Category: top baby names
By Linda Rosenkrantz
Emma and Noah are the new Number 1 baby names in the US, but are they the most popular names where you live? Emma was Number 1 in just 22 states, Noah at the top in only 13. Other states put rivals Olivia, Ava, and Sophia at the head of the class for girls, as well as Mia (in Hawaii and New Mexico), Harper (in South Dakota), Isabella (Florida) and Genesis (D.C.). For boys, there were seven other names vying for the top spot, with Liam, William, Mason, Benjamin, Henry, Jackson, or Elijah beating Noah in 37 states.
Moving down the list, it’s easy to see certain names really gathering steam and heading higher. The following are girls’ names not in the national Top 10 which reached that level and beyond in at least two states, as well as names that ranked Number 1 in some states:
With the release of the 2015 name data, I can now release an analysis on the new Top 100! Here are the interesting finds!
The official list of U.S. Most Popular Names of 2015 will be released by the Social Security Administration in a matter of days, and so in advance of the announcement, which we’re all awaiting with baited breath, we’re challenging you to predict which names will come out on top.
Will Noah be Number 1 for the third straight year? Will the top four girls’ names continue to play tag or will there be a new most popular girl and boy in town? And if so, who do you think it will be?
What about the rest of the Top 10? How do you see the order shifting? Which names will fall off or leap onto the Top 10 for girls and boys? (For a full list of 2014 Top 1000, see our Popular Names page.) There will be a prize (see below) for the first person to guess correctly the Top 10 girls and Top 10 boys in the correct order. So don’t hesitate–get your predictions in on the comments below asap!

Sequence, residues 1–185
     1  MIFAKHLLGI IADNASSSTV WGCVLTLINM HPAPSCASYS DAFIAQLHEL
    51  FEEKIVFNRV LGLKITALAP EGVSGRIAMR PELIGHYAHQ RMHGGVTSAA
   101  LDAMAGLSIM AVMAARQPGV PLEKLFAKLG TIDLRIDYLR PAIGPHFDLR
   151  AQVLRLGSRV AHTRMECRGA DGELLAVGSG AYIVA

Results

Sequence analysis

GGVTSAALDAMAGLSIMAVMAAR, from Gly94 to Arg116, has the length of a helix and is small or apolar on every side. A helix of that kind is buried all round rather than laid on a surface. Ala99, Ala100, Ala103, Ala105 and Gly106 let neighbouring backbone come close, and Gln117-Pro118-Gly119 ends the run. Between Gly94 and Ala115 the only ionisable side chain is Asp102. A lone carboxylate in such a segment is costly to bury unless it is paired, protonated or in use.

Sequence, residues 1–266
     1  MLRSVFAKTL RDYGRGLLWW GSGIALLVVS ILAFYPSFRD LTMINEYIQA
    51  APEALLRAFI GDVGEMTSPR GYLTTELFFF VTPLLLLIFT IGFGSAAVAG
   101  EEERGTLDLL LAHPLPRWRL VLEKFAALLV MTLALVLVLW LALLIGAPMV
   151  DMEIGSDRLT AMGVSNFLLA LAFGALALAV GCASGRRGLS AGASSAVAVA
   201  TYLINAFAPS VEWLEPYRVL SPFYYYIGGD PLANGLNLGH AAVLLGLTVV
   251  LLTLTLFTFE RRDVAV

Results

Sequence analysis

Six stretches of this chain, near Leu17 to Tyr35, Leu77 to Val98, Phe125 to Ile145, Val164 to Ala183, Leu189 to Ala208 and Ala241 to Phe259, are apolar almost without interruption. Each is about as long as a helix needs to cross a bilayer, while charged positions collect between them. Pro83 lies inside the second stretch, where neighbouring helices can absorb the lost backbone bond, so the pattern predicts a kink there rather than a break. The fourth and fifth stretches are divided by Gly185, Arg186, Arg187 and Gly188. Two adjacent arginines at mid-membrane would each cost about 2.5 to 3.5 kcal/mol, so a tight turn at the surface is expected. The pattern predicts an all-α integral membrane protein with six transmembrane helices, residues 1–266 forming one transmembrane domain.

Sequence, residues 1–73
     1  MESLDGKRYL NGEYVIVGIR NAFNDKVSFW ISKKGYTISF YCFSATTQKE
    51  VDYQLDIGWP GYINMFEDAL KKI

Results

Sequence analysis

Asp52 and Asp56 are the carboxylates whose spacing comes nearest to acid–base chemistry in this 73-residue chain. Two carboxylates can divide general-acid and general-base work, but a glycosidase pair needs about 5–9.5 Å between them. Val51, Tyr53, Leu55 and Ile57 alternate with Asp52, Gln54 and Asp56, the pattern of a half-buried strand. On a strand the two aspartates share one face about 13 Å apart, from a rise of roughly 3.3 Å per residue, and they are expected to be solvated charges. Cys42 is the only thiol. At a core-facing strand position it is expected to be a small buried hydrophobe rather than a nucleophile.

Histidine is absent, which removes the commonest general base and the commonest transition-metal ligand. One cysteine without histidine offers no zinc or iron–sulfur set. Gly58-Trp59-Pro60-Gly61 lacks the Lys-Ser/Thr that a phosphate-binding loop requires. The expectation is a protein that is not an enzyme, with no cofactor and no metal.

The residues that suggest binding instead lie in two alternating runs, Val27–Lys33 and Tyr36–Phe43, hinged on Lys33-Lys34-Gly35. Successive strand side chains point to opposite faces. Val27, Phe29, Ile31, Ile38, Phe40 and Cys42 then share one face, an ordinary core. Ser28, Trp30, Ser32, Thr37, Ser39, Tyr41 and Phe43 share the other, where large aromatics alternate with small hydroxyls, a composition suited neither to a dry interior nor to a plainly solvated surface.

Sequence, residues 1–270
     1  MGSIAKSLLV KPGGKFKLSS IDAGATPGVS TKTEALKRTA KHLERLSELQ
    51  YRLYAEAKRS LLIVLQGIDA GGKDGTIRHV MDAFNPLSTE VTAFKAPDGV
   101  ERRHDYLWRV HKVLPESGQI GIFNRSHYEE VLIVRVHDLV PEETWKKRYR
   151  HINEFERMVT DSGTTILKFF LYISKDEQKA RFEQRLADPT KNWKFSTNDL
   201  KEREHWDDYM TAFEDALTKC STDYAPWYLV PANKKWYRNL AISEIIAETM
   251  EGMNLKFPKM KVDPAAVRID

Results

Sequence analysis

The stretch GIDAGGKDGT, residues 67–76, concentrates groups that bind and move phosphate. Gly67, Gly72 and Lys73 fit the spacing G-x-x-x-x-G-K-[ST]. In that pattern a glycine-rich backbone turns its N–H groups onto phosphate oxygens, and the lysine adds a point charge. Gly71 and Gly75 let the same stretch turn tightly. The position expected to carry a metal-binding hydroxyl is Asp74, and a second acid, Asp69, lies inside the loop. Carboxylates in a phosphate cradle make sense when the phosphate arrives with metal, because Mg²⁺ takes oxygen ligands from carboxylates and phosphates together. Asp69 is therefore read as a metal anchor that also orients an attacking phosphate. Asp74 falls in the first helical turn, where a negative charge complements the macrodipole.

As a reminder, here were the leading names last year:
In this global culture, many of the same boys’ names are popular in both Europe and the US: Noah, Jacob, and William, for instance. But there are other names that seem to flourish there while going largely ignored here. Not every European name can make it in America, but here are ten we consider ripe for appropriation:
By Linda Rosenkrantz
Since the Social Security Administration began tallying the popularity of baby names, there have been —believe it or not—only ten girls’ names that managed to hit the top spot on the list. Some stayed on for decades—predating the SSA stats– while others only held the title for a couple of years. Here are those ten most popular girls, in chronological order—four of them reaching Number 1 since the Millennium.